A meeting about polycystic ovary syndrome (PCOS) is being held at the Gurdwara Guru Nanak Parkash Temple in Coventry next month.
Cysters has partnered with the Temple to hold a discussion that aims to create a safe, confidential environment for women in the Asian community to discuss reproductive health issues.
The charity, which was founded four years ago, provides support for black, Asian and minority ethnic (BAME) women with gynaecological issues including PCOS and endometriosis.
Neelam Heera, Cysters founder and one of Birmingham’s 30 Under 30, said:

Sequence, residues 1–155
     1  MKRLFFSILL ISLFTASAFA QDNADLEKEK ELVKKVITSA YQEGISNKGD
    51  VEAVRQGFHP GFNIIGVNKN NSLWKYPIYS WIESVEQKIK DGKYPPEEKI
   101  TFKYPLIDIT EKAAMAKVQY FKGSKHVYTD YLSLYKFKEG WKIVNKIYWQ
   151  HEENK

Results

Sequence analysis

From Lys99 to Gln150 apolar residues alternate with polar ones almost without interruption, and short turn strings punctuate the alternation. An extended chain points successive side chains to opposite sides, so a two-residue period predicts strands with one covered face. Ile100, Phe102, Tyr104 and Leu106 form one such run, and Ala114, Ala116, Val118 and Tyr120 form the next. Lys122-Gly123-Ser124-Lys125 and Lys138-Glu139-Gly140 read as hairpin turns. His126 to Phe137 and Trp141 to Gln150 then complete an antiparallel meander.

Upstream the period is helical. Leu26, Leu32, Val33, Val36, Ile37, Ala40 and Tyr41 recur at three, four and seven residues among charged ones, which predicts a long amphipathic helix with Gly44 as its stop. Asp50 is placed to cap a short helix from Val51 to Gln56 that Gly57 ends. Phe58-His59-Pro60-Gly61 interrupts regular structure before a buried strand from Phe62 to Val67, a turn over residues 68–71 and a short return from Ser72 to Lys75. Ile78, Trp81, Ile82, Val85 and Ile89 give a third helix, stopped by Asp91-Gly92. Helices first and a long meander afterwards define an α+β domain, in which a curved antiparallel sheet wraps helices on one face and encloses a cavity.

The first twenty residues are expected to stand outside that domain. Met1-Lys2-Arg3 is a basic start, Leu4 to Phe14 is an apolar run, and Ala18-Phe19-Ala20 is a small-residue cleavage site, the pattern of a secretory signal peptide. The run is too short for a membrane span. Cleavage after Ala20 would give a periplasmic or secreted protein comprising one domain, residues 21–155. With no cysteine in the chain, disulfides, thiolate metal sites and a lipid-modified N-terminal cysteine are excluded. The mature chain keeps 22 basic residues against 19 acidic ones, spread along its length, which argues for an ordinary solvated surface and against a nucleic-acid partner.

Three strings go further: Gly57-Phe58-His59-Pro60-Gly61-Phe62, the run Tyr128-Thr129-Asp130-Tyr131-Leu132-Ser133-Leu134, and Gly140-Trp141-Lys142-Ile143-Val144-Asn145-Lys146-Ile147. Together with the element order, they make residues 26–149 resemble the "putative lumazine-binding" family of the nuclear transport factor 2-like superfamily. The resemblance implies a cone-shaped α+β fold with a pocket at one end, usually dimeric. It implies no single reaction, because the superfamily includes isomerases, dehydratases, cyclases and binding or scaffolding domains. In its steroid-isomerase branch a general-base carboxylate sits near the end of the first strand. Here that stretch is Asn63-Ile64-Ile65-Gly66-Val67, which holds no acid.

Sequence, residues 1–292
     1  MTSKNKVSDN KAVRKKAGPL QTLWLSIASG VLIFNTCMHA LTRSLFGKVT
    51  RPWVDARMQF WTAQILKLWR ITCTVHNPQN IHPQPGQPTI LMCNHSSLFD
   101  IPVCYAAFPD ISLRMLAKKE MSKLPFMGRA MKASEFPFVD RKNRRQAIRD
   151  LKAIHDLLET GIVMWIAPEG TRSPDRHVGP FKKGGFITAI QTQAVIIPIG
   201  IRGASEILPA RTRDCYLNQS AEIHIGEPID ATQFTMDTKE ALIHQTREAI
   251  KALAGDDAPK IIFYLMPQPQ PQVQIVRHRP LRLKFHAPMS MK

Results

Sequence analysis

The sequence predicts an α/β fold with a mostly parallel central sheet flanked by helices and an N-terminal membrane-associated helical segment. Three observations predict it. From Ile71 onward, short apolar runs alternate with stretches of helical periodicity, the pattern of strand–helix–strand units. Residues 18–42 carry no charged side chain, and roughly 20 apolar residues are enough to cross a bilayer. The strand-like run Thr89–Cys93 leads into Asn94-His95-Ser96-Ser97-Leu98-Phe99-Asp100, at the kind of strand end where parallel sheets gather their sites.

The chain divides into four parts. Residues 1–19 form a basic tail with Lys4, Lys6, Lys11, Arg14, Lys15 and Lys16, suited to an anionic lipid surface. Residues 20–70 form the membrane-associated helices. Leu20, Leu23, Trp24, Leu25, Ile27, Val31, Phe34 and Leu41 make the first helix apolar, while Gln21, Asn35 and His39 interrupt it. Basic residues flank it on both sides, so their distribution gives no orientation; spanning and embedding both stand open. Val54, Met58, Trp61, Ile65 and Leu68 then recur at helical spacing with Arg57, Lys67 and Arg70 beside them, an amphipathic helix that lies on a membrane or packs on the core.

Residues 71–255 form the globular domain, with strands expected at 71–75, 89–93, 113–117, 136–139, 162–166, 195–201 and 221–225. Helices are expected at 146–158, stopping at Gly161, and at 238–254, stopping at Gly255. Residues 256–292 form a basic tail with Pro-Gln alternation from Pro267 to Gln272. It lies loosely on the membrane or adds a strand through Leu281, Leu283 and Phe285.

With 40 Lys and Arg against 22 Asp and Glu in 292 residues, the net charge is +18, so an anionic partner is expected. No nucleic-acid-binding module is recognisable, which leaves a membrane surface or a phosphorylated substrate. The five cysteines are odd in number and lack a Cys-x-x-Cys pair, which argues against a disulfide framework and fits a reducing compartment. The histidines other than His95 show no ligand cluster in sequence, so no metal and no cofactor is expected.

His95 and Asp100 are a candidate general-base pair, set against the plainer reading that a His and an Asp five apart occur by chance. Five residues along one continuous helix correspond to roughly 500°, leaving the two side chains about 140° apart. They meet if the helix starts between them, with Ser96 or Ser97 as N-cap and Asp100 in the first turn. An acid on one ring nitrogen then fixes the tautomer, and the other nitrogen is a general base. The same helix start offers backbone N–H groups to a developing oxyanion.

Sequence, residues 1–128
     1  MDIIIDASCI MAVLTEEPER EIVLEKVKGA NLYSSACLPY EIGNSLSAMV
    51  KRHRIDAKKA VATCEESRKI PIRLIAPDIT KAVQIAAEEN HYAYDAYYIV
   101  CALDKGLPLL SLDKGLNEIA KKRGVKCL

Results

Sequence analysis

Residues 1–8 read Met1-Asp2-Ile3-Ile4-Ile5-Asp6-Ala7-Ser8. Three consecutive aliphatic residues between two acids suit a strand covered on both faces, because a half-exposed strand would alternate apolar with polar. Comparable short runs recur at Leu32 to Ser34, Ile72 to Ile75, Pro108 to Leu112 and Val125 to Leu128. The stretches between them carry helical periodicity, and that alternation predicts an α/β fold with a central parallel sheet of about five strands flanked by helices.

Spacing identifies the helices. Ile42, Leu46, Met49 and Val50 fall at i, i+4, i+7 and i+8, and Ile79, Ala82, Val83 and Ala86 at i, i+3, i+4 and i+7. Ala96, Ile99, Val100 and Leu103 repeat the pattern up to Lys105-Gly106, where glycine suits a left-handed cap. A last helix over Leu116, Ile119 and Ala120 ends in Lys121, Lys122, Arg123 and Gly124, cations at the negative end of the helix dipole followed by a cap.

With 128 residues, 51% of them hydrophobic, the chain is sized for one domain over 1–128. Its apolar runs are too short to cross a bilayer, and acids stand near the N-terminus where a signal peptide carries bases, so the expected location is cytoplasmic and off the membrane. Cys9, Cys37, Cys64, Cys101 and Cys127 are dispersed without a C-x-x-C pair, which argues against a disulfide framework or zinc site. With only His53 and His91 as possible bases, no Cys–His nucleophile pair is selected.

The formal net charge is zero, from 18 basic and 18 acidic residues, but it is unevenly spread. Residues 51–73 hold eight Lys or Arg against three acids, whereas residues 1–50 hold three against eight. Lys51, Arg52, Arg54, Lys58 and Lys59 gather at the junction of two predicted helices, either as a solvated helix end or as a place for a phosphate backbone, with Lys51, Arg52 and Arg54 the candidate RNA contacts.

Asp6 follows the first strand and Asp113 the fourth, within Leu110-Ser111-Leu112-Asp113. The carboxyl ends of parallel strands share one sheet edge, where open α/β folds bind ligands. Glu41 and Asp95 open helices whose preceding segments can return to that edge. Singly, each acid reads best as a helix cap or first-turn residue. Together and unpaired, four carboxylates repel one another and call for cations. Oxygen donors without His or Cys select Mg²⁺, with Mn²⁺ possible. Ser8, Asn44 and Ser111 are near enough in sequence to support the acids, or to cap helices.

“There’s a misconception within the community that if there’s something wrong with your reproductive health then you’ve been sexually promiscuous.
“These issues are really sexualised, having PCOS doesn’t mean you’ve been sexually active.”
A cervical smear survey done by Cysters in November 2018 revealed that 77% of BAME respondents agree that sexual health is stigmatised within the ethnic communities.
A further 69% think that healthcare professionals do not understand the issues for BAME communities around smear testing.
“I’ve had to gain trust within the community, talking about gynaecological cancers is really difficult.
“It’s taken four years to get into a Temple and a lot of women are still worried about going, but it’s starting to happen.”
The meeting will take place on 2nd December and information can be found here.